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Hurricane Season 2010: Tropical Storm Oli (Southern Pacific Ocean)
02.04.10
 
February 4, 2010

Oli's rain bands were causing additional rainfall in distant Bora Bora and Tahiti. > View larger image
The TRMM satellite flew almost directly over Tropical Cyclone Oli on February 3 at 0741 UTC (2:41 a.m. ET). The image shows that Oli had a large circulation and that its converging rain bands were causing additional rainfall in distant Bora Bora and Tahiti.
Credit: NASA/SSAI, Hal Pierce
An AIRS image on Feb. 4 showed that French Polynesia and Tahiti were on the outer edges of powerful Cyclone Oli. > View larger image
An infrared AIRS image (from NASA's Aqua satellite) on Feb. 4 at 11:23 UTC (6:23 a.m. ET) showed that French Polynesia and Tahiti were on the outer edges of powerful Cyclone Oli. Purple indicates strong thunderstorms with heavy rainfall, and very high storms with cloud temperatures to -63F.
Credit: NASA/JPL, Ed Olsen
Cyclone Oli Reaches Category Four Strength On Its Way to Open Waters

Oli has exploded in strength and as of February 4 it was a Category 4 cyclone with peak sustained winds of 132 mph (115 knots/213 km/hr). NASA's Aqua and TRMM satellites observed Oli's clouds grow colder and rainfall become heavier over the last day. Residents of French Polynesia should watch for local weather advisories.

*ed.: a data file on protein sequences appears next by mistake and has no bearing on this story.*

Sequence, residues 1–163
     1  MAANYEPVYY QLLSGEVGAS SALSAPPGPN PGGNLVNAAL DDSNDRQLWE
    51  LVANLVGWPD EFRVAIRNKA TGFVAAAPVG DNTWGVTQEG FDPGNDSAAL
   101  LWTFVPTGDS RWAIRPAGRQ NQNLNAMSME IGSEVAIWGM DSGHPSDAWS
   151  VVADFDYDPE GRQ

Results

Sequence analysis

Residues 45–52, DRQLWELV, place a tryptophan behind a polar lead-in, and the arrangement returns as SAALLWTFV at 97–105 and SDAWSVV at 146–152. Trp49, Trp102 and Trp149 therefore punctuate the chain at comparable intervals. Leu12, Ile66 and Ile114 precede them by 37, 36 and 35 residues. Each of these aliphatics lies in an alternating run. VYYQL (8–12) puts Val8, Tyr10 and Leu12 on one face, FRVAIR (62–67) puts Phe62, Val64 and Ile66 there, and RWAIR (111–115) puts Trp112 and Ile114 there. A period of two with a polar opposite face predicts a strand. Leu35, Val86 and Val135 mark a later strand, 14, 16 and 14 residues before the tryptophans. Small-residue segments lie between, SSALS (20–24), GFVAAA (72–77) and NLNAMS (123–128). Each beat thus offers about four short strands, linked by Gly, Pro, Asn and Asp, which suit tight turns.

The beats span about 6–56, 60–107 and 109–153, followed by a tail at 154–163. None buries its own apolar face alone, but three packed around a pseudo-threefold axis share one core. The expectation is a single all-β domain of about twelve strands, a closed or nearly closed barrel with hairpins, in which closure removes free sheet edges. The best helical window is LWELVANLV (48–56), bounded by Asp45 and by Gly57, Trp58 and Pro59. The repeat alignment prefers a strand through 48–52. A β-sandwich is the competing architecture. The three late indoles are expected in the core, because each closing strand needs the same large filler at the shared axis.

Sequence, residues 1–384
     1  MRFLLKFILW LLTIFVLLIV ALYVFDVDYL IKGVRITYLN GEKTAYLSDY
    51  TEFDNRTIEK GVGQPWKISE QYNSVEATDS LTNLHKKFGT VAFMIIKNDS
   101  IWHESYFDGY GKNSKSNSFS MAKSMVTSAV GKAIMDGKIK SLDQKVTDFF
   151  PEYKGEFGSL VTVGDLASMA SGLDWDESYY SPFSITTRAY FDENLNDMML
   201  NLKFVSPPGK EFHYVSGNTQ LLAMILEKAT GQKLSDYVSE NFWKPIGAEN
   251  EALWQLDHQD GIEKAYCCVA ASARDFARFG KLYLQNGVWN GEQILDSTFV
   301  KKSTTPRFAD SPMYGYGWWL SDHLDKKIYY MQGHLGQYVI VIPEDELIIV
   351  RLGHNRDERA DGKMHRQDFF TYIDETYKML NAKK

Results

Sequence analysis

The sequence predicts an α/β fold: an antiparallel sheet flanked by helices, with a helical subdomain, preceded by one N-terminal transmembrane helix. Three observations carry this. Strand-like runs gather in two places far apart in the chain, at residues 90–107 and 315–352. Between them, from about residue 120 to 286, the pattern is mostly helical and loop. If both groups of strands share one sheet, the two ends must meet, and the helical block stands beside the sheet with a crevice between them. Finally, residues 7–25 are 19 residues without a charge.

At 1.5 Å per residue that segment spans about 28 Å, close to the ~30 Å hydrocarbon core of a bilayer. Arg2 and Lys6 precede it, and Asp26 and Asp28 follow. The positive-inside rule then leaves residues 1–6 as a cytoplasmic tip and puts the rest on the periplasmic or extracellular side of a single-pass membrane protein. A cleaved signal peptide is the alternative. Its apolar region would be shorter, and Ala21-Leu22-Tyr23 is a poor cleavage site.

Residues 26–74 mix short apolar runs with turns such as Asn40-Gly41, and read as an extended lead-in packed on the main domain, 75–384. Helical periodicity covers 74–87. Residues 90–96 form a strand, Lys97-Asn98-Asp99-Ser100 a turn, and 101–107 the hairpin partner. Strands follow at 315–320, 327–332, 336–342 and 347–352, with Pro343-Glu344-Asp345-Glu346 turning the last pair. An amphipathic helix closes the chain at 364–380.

The Tropical Rainfall Measuring Mission or TRMM satellite is like a rain gauge in space. It's managed by NASA and the Japanese Space Agency, and can measure rainfall in a cyclone from its orbit above the Earth. Yesterday, the TRMM satellite flew almost directly over Tropical Cyclone Oli and revealed that Oli had a large circulation and that its converging rain bands were causing additional rainfall in distant Bora Bora and Tahiti. In some areas of the storm, rain was falling at more than 2 inches (50 millimeters) per hour.

Earlier today, February 4, NASA's Aqua satellite flew over Oli and showed very high thunderstorm cloud tops, so high they were colder than -63F (-52C), and dropping heavy rainfall.

At 10 a.m. ET (1500 UTC) February 4, Tropical Cyclone Oli was located about 250 miles west-southwest of Bora Bora, ear 18.6 South and 152.4 West. Cyclone (hurricane) force winds extend only to about 35 miles (56 kilometers) from the center. From there, tropical storm-force winds extent out as far as 145 miles, so Bora Bora and Tahiti will likely experience breezy conditions and winds likely below tropical storm force (because they are farther out). Oli keeps moving south-southeast near 10 mph (9 knots/16 km/hr). Oli continues to cause very high seas, up to 23 feet (7 meters).

French Polynesia had not posted any warnings as of 12 p.m. ET on February 4 (17:00 UTC), but residents can expect dangerous surf and on-and-off showers and thunderstorms, some with heavy rainfall and gusty winds.

On February 4 during the morning hours (Eastern Time) sustained winds have been averaging about 30 mph (48 km/hr), and temperatures are hovering around 80F (29C). Earlier, some heavy rain was reported. For updated weather observations in Tahiti, go to: http://weather.noaa.gov/weather/current/NTAA.html.